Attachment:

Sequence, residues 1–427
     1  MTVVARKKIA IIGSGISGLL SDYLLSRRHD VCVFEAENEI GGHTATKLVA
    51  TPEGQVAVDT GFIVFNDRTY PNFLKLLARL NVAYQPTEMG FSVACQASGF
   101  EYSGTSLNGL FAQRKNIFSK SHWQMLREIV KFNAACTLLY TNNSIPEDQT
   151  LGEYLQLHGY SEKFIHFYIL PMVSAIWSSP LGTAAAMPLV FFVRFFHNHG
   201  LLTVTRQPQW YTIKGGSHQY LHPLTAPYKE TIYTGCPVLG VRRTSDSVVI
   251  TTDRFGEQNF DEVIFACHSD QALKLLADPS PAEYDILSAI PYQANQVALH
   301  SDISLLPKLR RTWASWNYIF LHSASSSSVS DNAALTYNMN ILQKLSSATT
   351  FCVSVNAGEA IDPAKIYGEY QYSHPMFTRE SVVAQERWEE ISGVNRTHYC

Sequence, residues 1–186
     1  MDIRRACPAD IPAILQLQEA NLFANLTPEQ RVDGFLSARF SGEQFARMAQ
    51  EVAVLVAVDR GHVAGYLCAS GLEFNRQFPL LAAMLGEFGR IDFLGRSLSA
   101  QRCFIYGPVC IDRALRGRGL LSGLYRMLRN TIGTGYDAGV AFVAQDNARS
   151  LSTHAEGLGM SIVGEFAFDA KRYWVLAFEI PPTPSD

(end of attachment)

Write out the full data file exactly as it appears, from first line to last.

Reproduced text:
Sequence, residues 1–427
     1  MTVVARKKIA IIGSGISGLL SDYLLSRRHD VCVFEAENEI GGHTATKLVA
    51  TPEGQVAVDT GFIVFNDRTY PNFLKLLARL NVAYQPTEMG FSVACQASGF
   101  EYSGTSLNGL FAQRKNIFSK SHWQMLREIV KFNAACTLLY TNNSIPEDQT
   151  LGEYLQLHGY SEKFIHFYIL PMVSAIWSSP LGTAAAMPLV FFVRFFHNHG
   201  LLTVTRQPQW YTIKGGSHQY LHPLTAPYKE TIYTGCPVLG VRRTSDSVVI
   251  TTDRFGEQNF DEVIFACHSD QALKLLADPS PAEYDILSAI PYQANQVALH
   301  SDISLLPKLR RTWASWNYIF LHSASSSSVS DNAALTYNMN ILQKLSSATT
   351  FCVSVNAGEA IDPAKIYGEY QYSHPMFTRE SVVAQERWEE ISGVNRTHYC

Sequence, residues 1–186
     1  MDIRRACPAD IPAILQLQEA NLFANLTPEQ RVDGFLSARF SGEQFARMAQ
    51  EVAVLVAVDR GHVAGYLCAS GLEFNRQFPL LAAMLGEFGR IDFLGRSLSA
   101  QRCFIYGPVC IDRALRGRGL LSGLYRMLRN TIGTGYDAGV AFVAQDNARS
   151  LSTHAEGLGM SIVGEFAFDA KRYWVLAFEI PPTPSD